Samsung Galaxy phones tested have 'death grip' issue, but Internet stays strong

Jul 22, 2010 By Victor Godinez

Following up on a tip, I did a signal attenuation test on both the Samsung Vibrant (T-Mobile) and Captivate (AT&T).

These are two of Samsung's vaunted Galaxy S smartphones running Android, and are very much top-of-the-line handsets.

As you recall, Steve Jobs made a big deal out of the fact that signal loss is a common problem on many smartphones when the devices are held in a certain way.

Until now, I'd never noticed that problem in any device other than the iPhone 4.

But the Vibrant and Captivate both clearly have "death grip" problems, as well.

Both phones, when held in a tight fist near the bottom of the handset, apparently lost their 3G signal almost immediately.

I say apparently because, while the bars did drop from 5 out of 5 (Captivate) and 3 out of 4 (Vibrant) down to 0 or 1 bar when gripped, those changes did not appear to affect actual signal strength.

I ran the speedtest.net app on both phones while they gripped.

In the Vibrant's case, the phone showed no 3G bars at all, while the Captivate had 1 bar.

Result?

While at 1 or 2 bars, the Captivate on AT&T fluctuated between download speeds of 2 megabits per second and 676 kilobits per second. One test dropped as low as 12 kilobits per second, but at that point I had the phone wrapped so tightly in my hands that I couldn't even see the screen.

At 0 bars, the Vibrant on never missed a beat. The slowest download speed was 1.4 megabits per second, up to a max 3.2 megs per second. Again, as I was running these tests, my hands were wrapped so thoroughly around the phone that I could barely see the device.

Web browsing also seemed largely unaffected. The Captivate couldn't load CNN.com when I had every non-screen part of the phone covered with my hands, but did fine in a normal death grip.

The Vibrant, again, connected to CNN.com and ESPN.com just fine regardless of how I held it.

So I guess the bottom line out of these tests is that, yes, these new Samsung phones do appear to suffer moderate to severe signal loss (or at least bar loss) when gripped tightly, especially around the bottom.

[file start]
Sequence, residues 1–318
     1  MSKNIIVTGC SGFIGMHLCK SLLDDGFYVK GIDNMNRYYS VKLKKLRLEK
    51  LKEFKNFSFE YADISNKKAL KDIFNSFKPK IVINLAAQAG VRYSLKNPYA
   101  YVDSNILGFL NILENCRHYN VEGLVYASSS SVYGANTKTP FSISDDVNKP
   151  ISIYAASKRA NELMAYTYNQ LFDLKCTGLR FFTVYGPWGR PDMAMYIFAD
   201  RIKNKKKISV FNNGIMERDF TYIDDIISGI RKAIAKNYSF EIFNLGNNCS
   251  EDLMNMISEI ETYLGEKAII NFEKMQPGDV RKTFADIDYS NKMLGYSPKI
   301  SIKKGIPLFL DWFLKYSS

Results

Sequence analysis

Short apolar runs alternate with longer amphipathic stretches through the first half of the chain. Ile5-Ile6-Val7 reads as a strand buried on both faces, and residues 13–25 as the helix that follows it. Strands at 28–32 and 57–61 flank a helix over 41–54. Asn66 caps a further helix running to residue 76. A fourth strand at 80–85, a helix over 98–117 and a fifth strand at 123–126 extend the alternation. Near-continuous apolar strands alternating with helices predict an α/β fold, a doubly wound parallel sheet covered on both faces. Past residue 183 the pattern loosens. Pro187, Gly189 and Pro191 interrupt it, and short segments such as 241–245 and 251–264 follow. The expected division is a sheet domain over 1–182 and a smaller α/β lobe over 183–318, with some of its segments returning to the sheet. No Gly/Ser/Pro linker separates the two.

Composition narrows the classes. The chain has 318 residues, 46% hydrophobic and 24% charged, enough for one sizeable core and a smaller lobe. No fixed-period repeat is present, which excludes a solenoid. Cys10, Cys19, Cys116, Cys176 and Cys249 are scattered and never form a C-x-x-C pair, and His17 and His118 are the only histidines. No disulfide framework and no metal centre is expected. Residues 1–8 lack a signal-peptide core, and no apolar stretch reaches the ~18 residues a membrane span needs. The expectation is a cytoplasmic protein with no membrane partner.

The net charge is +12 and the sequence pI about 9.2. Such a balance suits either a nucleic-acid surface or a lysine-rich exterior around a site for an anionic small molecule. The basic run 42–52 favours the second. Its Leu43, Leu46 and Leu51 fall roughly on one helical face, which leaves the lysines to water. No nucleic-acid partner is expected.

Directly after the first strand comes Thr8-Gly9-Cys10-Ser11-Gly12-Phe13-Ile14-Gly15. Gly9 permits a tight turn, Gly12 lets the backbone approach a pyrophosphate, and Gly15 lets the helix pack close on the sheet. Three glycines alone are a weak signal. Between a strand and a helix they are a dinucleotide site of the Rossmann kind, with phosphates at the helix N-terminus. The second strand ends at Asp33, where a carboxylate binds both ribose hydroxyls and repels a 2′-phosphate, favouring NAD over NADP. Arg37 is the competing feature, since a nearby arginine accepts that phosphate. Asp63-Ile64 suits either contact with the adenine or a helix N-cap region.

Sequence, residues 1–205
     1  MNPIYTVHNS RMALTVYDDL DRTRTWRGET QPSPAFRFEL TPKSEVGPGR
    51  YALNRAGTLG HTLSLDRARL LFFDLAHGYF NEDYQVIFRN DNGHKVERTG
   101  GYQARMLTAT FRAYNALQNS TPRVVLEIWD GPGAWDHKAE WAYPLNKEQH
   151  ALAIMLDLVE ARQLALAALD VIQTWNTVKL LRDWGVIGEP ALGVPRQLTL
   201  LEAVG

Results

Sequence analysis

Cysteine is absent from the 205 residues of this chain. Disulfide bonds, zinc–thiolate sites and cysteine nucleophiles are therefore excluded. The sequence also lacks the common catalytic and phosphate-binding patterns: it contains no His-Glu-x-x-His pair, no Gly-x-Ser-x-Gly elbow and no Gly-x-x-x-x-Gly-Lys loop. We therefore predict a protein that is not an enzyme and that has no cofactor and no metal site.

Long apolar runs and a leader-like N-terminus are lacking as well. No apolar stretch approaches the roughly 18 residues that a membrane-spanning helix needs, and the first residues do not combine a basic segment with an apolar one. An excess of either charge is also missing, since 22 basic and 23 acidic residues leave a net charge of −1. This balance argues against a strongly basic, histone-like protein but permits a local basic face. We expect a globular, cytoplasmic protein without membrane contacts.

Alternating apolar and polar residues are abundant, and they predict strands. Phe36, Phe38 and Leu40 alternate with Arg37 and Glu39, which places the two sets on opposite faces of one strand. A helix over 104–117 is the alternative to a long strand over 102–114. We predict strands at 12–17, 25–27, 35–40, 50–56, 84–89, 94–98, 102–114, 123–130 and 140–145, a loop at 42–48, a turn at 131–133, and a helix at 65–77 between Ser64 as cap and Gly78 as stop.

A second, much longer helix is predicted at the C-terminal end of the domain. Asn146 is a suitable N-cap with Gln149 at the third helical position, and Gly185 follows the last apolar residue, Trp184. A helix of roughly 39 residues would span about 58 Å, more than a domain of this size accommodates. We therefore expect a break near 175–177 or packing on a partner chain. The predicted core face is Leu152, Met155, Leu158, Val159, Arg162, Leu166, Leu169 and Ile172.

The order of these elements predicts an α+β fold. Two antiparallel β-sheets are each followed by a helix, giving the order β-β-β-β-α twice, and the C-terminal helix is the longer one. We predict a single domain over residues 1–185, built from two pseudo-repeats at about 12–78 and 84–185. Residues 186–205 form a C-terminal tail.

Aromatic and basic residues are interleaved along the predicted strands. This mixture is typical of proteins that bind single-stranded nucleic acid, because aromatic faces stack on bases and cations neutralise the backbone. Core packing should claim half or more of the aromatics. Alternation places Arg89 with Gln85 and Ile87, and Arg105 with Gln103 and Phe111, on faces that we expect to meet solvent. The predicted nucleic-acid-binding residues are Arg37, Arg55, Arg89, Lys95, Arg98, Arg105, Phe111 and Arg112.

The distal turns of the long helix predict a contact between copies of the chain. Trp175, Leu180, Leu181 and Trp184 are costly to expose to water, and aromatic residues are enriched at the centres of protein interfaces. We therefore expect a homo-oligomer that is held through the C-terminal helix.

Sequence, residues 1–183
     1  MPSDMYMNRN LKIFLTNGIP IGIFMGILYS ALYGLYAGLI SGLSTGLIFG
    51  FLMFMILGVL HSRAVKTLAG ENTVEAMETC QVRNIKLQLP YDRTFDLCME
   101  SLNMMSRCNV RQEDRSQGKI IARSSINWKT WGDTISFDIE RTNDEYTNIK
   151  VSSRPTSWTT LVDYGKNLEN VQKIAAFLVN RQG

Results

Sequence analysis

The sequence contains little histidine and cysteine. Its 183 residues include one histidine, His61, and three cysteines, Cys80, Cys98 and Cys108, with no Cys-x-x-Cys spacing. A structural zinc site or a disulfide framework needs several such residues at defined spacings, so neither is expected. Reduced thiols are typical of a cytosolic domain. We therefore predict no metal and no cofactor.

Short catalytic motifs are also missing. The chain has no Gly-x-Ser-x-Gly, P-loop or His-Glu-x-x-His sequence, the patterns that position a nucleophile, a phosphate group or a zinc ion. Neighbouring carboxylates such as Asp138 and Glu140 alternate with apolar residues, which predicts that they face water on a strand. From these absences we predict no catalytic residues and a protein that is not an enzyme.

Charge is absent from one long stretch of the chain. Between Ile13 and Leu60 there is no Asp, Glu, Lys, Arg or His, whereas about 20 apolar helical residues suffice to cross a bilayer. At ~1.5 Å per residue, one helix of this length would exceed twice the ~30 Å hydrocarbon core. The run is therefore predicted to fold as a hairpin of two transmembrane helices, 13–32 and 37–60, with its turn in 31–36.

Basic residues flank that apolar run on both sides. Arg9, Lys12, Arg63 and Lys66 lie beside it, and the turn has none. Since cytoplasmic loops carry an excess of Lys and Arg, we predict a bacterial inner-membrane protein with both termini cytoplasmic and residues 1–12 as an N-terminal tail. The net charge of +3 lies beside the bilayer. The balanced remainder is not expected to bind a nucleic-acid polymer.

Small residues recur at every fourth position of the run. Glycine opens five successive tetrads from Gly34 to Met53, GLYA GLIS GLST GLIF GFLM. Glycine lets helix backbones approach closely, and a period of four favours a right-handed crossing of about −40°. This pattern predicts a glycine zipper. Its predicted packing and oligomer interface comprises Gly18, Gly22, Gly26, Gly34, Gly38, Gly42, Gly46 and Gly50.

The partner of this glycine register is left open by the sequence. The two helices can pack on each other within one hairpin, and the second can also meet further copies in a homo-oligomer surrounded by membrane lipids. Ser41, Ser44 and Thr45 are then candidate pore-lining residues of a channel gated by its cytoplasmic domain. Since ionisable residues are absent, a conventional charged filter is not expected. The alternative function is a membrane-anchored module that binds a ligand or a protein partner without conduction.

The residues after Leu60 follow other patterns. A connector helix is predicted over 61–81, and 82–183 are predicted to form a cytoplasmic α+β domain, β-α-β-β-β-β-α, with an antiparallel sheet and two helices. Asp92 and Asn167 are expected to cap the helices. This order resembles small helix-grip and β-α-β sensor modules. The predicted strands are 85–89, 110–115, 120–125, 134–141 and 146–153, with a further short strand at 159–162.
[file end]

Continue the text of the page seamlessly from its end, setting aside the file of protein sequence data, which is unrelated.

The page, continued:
But even severe or total bar loss (which requires you to hold the phone in a way that renders the screen all but invisible), doesn't mean your actual connection is degraded. See video of the experiment:

This video is not supported by your browser at this time.

Compare that, for example, to this issue with the iPhone 4:

So I guess I would say that Steve Jobs is probably right when he says that many (if not most) phones can have antenna issues when you cover the phone with your meaty hands.

But I think it's also clear that the has more severe issues than most devices.

Explore further: Tomorrow's tablets? Look, no hands

2.5 /5 (6 votes)
add to favorites email to friend print save as pdf

Related Stories

Apple 'stunned' to find iPhones show too many bars

Jul 02, 2010

(AP) -- Apple Inc. said Friday that it was "stunned" to find that its iPhones have for years been using a "totally wrong" formula to determine how many bars of signal strength they are getting.

Apple to speak on iPhone 4 amid antenna troubles

Jul 15, 2010

(AP) -- Apple Inc. will hold a press conference on Friday to discuss the latest iPhone model amid complaints about its antenna and Consumer Reports magazine's refusal to endorse it until the problems get fixed.

Apple rivals hit back at Jobs' antenna claims

Jul 20, 2010

Smartphone makers Blackberry, Samsung and HTC on Tuesday rejected claims by Apple chief Steve Jobs that other smartphones have antenna problems similar to those reported with the latest iPhone model.

Recommended for you

Tomorrow's tablets? Look, no hands

12 hours ago

Engineers in a suburban Chicago office complex have designed a new microphone that they say will be key to the future of smartphone and tablet technology because it gives consumers the ability to operate hand-held devices ...

Apple computer sells for record $905K in NY

Oct 23, 2014

One of the first Apple computers ever built has sold in New York for $905,000, leading Bonhams auction house to declare it the world's most expensive computer relic.

Review: Better cameras, less glare in iPad Air 2

Oct 22, 2014

If I've seen you taking photos with a tablet computer, I've probably made fun of you (though maybe not to your face, depending on how big you are). I'm old school: I much prefer looking through the viewfinder ...

Samsung phones cleared for US government use

Oct 21, 2014

Samsung Electronics Co. said Tuesday some of its Galaxy mobile devices were approved by the National Security Agency for use with classified U.S. government networks and data, a boost to the company's efforts to expand in ...

User comments : 0